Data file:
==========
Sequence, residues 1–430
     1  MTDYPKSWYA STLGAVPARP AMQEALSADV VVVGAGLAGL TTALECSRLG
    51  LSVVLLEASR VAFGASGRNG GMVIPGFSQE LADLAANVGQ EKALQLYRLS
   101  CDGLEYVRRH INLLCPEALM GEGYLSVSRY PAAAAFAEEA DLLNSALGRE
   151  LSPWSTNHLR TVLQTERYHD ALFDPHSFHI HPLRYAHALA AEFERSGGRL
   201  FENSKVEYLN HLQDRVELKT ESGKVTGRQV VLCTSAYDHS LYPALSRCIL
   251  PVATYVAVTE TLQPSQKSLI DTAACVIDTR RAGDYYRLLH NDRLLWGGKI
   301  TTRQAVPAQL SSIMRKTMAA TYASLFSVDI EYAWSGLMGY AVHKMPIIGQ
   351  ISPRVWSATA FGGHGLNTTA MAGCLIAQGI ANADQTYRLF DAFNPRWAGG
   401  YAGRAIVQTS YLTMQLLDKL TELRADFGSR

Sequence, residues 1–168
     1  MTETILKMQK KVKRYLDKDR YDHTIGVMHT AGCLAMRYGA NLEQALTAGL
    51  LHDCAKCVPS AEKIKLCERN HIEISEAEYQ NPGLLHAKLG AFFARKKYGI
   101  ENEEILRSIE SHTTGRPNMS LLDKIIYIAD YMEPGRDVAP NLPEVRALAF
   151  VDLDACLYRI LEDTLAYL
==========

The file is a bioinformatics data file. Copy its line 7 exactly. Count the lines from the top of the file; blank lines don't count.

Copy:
   251  PVATYVAVTE TLQPSQKSLI DTAACVIDTR RAGDYYRLLH NDRLLWGGKI